Te Pāti Māori: Government using ‘scare tactics’ to discourage protests on Budget Day

Te Pāti Māori has accused the government of using scare tactics to discourage people from participating in protests set to take place across the country on Budget Day.

Prime Minister Christopher Luxon warned that calls from the Toitū Te Tiriti movement to strike in opposition of government policy on Thursday are illegal.

Labour leader Chris Hipkins told Morning Report he encouraged people to exercise their right to free speech.

But he said calling it a “strike” suggested people were being encouraged to stop working and there were only certain conditions they could do that under.

Te Pāti Māori co-leader Rawiri Waititi told Mihingarangi Forbes on RNZ’s Mata podcast Māori are entitled to participate.

Waititi said people wanting to be apart of the kaupapa need to assert their “rangatiratanga” and employers who punish staff for attending will be challenged accordingly.

“Look, if employers want to get wrapped up in employment law, well we can wrap you up in the Bill of Rights, we can wrap you up in human rights, we can wrap you up in Tiriti breaches, lets go, but we’ve gotta be brave enough and start to assert rangatiratanga.”

Co-leader Debbie Ngarewa-Packer said the government’s focus on the word “strike” being illegal is an attempt to overshadow the real kaupapa behind the national call to action.

“If we stay down in the weeds with that korero , if we are scared then we will never ever break out of this racist agenda from the kāwana and how it is treating our whānau, our whenua, yes it is challenging our own mindset, but we’ve got to rise.”

Te Kaupapa – national activation #2

Te Pāti Māori and members of the Toitū Te Tiriti movement have issued a second “National Call to Action” urging tangata whenua and tangata Tiriti to participate in a series of “activations” across the country on Budget Day.

On RNZs Mata, Waititi said hīkoi and rolling car blockades would take place across the country to demonstrate a unified Aotearoa response to what he described as an “assault on Māori for being Māori”.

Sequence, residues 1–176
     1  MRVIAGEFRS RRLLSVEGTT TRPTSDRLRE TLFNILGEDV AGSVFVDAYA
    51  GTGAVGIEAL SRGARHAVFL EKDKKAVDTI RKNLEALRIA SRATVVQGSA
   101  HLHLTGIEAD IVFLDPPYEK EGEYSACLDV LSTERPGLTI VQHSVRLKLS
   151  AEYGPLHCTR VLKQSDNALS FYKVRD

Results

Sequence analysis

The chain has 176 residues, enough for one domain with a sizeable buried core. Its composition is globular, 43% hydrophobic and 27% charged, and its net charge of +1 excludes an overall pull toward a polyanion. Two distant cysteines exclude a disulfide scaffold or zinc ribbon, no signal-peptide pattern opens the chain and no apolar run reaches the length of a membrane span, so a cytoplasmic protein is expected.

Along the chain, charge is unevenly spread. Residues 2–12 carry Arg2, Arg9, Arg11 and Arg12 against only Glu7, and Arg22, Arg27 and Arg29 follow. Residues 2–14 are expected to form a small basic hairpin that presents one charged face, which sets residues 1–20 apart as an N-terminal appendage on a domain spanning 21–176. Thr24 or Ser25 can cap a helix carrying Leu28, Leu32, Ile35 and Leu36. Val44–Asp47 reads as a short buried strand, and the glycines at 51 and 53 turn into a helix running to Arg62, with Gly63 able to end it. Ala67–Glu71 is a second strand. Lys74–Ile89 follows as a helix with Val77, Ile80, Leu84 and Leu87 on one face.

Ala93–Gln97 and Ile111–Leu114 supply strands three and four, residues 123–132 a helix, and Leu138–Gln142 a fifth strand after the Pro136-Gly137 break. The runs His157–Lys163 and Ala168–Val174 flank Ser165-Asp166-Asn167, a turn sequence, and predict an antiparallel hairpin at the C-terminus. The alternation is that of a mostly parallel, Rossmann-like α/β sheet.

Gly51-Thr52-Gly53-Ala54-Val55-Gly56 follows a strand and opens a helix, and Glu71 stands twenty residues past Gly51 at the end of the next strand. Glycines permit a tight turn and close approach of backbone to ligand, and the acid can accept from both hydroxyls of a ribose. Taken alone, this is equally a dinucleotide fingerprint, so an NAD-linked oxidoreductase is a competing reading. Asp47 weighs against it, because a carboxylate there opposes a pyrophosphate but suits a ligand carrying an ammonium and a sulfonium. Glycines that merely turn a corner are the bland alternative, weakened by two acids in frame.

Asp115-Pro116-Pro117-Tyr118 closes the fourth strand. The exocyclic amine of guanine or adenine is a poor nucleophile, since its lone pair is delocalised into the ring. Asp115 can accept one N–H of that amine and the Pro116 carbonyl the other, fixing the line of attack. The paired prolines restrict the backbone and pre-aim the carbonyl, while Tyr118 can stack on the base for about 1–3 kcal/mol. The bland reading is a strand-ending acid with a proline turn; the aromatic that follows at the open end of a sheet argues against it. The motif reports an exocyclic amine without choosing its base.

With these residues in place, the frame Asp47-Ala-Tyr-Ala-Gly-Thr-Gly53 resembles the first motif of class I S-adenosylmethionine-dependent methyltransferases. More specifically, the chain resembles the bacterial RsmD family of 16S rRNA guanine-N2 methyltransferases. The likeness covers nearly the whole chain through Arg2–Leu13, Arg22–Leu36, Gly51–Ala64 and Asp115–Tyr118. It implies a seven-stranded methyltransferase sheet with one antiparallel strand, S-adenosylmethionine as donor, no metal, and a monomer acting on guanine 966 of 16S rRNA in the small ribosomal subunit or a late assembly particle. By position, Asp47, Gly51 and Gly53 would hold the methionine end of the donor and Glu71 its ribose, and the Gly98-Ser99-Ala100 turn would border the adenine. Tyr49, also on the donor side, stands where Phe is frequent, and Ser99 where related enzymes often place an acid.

He said the government’s budget announcement will reflect the impact of the government’s rapid dismantling of legislation upholding its obligations under the Treaty of Waitangi.

“We have a pākeha government, who will announce a pākeha budget for a pākeha economy. For far too long we’ve allowed them to assume absolute sovereignty and governance over us, this needs to stop.”

There are calls for Māori and tangata Tiriti to strike for the day and demonstrate the “might of our Māori economy by disconnecting entirely from it”.

Waititi said the government continues to underestimate the power of the “brown economy”.

“We are the ones that make the country’s tyres turn. We are the people who are working on those trucks; driving those busses, working on the ports, working in the airports, we are the teachers, the lawyers, the doctors, the nurses. We make up a lot of the country’s GDP.”

Ngarewa-Packer said the biggest asset for the Māori economy is its people, she said the Toitū Te Tiriti movement is a “revolution” being led by Gen-T (Generation Tiriti).

“Our biggest asset is that the majority of the Māori population are under the age of 40, that is our Māori economy we have and we respect our taiao. That is our Māori economy, being sustainable and being innovative, that is our future.”

Rally, hīkoi and rolling car blockades will be held at 29 locations across the country and a hīkoi to parliament grounds will begin in Wellington at midday tomorrow.

Thousands responded to a National Call to Action in December last year and Waititi believes the turnout will be even bigger this time around.

Luxon warned Te Pāti Māori and the Toitū Te Tiriti movement about the rhetoric they are using.

He said people have the freedom to express their views but it would be illegal for people to “strike”.

ACT Party leader David Seymour has labelled Toitū Te Tiriti as a “small group who are fantasists about race”.

He told RNZ that he had not seen anything constructive come from the movement and his focus remained on a budget for “all New Zealanders”.

According to the news on Radio New Zealand

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